Issue No. 05 - May (2013 vol. 39)
DOI Bookmark: http://doi.ieeecomputersociety.org/10.1109/TSE.2012.55
Juha Itkonen , Aalto University School of Science, Espoo
Mika V. Mäntylä , Aalto University School of Science, Espoo
Casper Lassenius , Aalto University School of Science, Espoo
We present a field study on how testers use knowledge while performing exploratory software testing (ET) in industrial settings. We video recorded 12 testing sessions in four industrial organizations, having our subjects think aloud while performing their usual functional testing work. Using applied grounded theory, we analyzed how the subjects performed tests and what type of knowledge they utilized. We discuss how testers recognize failures based on their personal knowledge without detailed test case descriptions. The knowledge is classified under the categories of domain knowledge, system knowledge, and general software engineering knowledge. We found that testers applied their knowledge either as a test oracle to determine whether a result was correct or not, or for test design, to guide them in selecting objects for test and designing tests. Interestingly, a large number of failures, windfall failures, were found outside the actual focus areas of testing as a result of exploratory investigation. We conclude that the way exploratory testers apply their knowledge for test design and failure recognition differs clearly from the test-case-based paradigm and is one of the explanatory factors of the effectiveness of the exploratory testing approach.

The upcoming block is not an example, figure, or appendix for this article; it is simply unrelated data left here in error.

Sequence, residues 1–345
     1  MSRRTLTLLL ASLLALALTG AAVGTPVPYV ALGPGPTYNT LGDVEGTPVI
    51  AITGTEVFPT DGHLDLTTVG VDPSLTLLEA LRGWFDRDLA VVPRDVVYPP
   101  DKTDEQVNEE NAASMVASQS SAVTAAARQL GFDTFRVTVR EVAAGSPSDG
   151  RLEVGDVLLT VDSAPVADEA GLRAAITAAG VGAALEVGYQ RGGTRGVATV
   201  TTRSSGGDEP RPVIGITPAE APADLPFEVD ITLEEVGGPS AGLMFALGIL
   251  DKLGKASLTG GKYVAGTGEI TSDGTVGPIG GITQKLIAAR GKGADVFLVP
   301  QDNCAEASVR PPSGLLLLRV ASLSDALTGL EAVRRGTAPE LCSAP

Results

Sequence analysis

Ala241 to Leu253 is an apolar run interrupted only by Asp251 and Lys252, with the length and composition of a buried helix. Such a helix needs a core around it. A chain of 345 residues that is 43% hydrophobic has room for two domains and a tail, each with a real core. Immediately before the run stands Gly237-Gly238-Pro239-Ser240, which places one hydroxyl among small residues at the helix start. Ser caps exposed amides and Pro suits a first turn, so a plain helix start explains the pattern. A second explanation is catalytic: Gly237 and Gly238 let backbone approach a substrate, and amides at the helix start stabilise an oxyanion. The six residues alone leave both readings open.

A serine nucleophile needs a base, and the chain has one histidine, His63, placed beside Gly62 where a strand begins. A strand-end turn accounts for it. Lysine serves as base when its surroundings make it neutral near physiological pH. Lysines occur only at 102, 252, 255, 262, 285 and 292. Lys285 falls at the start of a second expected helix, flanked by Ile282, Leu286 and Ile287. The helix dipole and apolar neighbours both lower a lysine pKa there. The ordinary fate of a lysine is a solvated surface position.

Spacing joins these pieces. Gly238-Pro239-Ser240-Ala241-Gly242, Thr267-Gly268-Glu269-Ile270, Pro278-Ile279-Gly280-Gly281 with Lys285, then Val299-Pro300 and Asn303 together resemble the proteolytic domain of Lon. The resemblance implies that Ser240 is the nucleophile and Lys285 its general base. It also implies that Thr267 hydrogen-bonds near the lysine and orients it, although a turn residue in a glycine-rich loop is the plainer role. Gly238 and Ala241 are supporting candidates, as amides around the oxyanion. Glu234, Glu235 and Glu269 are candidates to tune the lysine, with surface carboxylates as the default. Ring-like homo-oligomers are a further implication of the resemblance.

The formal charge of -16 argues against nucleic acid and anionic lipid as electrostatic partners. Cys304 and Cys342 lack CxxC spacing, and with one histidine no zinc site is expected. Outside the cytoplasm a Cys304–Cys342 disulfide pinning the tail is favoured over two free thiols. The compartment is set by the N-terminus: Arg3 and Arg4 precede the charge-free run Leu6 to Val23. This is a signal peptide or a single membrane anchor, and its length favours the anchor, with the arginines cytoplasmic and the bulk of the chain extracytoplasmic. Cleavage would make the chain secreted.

Software testing, Context, Software, Knowledge engineering, Observers, Organizations, and V&V, Software testing, exploratory testing, validation, test execution, test design, human factors, methods for SQA
C. Lassenius, M. V. Mäntylä and J. Itkonen, "The Role of the Tester's Knowledge in Exploratory Software Testing," in IEEE Transactions on Software Engineering, vol. 39, no. , pp. 707-724, 2013.